Dianna Lightfoot, who resigned before taking a job as the head of the state’s early education and child development division, saw media interest in her online commentary as attacks, according to emails released as part of a public records request.
“Just got a call saying someone had found a Tweet where I termed Hillary Clinton butch,” Lightfoot wrote in a Feb. 6 email to Matthew McKillip, a DHHS policy advisor. “Guess they’re really after me.”
That phone call Lightfoot referenced appears to have been from N.C. Policy Watch, which published this post about one of the more controversial comments Lightfoot made online. Lightfoot, who headed a group that questioned the value of early education, was the subject of several media stories after the Feb. 5 announcement of her hire. She took down her Twitter feed shortly after the press inquiries.
McKillip, who worked for Gov. Pat McCrory’s campaign before joining DHHS, and Lightfoot exchanged several emails about Lightfoot’s appointment by DHHS Secretary Aldona Wos, both before and after Lightfoot’s position on early education and Twitter posts attracted media attention.
“You may already know that I’ve been appointed DHHS Director of Child Development and Education,” Lightfoot wrote in a Feb. 2 email to McKillip. “Thanks for your help!”
“Yes! Congratulations! I’m glad it’s official!,” McKillip wrote back a few hours later. “Look forward to having you on board!”
The emails were released Monday as part of a Feb. 8 public records request N.C. Policy Watch and several other media organizations made about Lightfoot’s appointment and subsequent resignation.
Lightfoot’s tenure was brief, and she declined her appointment to be the state’s director of the Division of Child Development and Early Education on just days after Aldona Wos announced she had the job on Feb. 5. Controversial positions Lightfoot took on early education, which she would have overseen in her $110,000-a-year job, as well as comments she made on social media created a firestorm of attention .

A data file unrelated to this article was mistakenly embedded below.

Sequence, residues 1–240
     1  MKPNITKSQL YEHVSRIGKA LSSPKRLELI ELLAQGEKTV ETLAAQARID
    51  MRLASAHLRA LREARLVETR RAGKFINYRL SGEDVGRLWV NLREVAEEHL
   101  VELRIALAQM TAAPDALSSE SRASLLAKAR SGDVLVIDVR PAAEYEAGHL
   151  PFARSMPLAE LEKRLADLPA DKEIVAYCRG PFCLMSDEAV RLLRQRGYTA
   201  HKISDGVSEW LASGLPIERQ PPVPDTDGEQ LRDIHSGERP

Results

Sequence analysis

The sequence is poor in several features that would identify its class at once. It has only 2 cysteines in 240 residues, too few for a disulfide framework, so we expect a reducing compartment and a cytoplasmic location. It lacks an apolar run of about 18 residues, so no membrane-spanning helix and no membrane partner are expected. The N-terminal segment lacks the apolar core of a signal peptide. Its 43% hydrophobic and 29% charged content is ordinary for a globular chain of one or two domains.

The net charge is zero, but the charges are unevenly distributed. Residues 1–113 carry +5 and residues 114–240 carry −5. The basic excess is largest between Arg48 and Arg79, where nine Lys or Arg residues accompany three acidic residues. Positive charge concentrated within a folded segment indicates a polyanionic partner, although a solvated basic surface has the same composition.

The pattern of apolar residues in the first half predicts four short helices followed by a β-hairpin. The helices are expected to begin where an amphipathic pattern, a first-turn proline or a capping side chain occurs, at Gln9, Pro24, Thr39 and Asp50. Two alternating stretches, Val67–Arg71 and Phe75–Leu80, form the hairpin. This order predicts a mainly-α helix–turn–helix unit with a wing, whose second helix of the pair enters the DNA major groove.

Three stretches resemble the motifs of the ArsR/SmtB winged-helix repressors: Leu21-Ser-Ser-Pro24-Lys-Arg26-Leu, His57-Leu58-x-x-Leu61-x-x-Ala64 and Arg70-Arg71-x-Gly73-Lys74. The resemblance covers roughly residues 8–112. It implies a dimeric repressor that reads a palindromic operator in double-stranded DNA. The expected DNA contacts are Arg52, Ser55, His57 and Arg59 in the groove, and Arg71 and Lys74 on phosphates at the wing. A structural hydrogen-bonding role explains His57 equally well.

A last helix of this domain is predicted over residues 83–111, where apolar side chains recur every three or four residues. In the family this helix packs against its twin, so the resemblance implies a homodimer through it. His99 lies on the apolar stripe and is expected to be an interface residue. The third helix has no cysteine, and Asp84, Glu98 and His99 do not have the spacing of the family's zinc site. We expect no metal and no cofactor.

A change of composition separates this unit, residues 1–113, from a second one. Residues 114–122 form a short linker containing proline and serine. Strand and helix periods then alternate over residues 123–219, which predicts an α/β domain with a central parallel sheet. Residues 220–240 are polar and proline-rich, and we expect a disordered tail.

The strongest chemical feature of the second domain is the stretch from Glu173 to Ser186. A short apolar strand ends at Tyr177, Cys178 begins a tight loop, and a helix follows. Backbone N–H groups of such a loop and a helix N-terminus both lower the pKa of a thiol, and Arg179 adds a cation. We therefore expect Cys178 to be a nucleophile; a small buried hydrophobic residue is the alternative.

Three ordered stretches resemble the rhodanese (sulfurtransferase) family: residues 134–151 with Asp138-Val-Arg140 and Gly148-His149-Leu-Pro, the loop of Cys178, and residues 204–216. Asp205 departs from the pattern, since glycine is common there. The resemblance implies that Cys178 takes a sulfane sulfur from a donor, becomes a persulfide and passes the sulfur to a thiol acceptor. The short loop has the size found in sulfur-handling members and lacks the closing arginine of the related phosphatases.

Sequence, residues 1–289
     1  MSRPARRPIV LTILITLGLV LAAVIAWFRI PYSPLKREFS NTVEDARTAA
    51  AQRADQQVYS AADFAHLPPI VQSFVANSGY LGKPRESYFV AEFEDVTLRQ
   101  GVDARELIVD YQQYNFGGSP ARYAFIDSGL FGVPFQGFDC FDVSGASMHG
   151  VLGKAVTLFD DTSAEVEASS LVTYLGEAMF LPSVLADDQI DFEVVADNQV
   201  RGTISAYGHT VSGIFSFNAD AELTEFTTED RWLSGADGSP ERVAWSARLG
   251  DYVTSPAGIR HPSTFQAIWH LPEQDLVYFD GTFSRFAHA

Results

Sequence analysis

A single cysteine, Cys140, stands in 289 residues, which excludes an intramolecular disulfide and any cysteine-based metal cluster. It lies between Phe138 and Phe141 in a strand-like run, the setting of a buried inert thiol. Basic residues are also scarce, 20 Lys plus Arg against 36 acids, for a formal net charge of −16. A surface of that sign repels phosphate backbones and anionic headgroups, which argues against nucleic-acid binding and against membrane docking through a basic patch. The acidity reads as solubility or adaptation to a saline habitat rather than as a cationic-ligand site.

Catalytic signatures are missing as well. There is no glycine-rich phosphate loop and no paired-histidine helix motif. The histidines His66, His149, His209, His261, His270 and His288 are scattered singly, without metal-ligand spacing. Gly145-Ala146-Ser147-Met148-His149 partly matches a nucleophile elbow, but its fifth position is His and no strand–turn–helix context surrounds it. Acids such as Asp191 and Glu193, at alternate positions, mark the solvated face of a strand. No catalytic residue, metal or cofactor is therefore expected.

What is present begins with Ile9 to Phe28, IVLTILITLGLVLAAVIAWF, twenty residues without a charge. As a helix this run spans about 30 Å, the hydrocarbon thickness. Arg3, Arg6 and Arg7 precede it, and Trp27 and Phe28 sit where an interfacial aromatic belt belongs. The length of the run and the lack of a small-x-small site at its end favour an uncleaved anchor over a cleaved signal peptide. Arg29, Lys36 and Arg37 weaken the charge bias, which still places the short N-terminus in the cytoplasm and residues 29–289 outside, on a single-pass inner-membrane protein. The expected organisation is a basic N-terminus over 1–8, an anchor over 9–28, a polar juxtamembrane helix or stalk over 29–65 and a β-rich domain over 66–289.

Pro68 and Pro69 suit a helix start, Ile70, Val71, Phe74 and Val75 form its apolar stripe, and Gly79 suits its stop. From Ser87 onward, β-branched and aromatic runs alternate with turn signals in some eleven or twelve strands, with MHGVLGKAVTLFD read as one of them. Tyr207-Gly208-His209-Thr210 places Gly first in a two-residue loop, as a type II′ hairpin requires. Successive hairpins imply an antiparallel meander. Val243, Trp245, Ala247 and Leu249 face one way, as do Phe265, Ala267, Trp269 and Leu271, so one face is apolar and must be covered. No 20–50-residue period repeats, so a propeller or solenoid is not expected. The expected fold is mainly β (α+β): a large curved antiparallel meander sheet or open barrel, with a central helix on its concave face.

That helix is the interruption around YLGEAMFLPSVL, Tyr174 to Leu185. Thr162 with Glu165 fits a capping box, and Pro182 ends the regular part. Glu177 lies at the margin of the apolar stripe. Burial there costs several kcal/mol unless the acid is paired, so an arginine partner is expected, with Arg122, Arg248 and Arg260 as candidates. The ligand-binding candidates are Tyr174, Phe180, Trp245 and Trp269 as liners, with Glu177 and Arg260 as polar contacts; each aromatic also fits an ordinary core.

Wos has yet to announce a replacement director for the early education division. Deb Cassidy, who headed the department during the Perdue administration, was let go in mid-January.
Lightfoot, of Winston-Salem, had served previously as the director of the National Physicians Center for Family Resources, a small non-profit that emphasizes abstinence programs and took positions criticizing early education, and urging parents, especially mothers, to stay home with their children.
Gov. Pat McCrory told WRAL shortly after her dismissal that he had no input on Lightfoot’s nomination.
“Mistakes were made,” he said in February.
Emails released Monday by DHHS show that McCrory’s staff was caught off-guard when reporters began contacting his office with questions about the new pre-K director’s critical view of early education.
“[D]id HHS announce an appointment I wasn’t aware of?,” McCrory’s deputy communications director Ricky Diaz wrote on Feb 6 to McKillip and Julie Henry, DHHS’ spokeswoman.
DHHS staff continued over the next day to consult Diaz and other McCrory staff about how to handle press inquiries about Lightfoot and her resignation.
The records release show that DHHS and McCrory’s office were not eager to answer reporter’s questions, as seen in this Feb. 7 exchange with WRAL reporter Laura Leslie.
“Thanks Julie. Can you describe the vetting process at DHHS?,” Leslie asks.
Henry forwarded on the reporter’s question to McKillip, the DHHS policy advisor, and Diaz, McCrory’s spokesman, asking “suggestions on response?”
“Stick to statement—no additional response or background,” McKillip responds. “Time to move on.”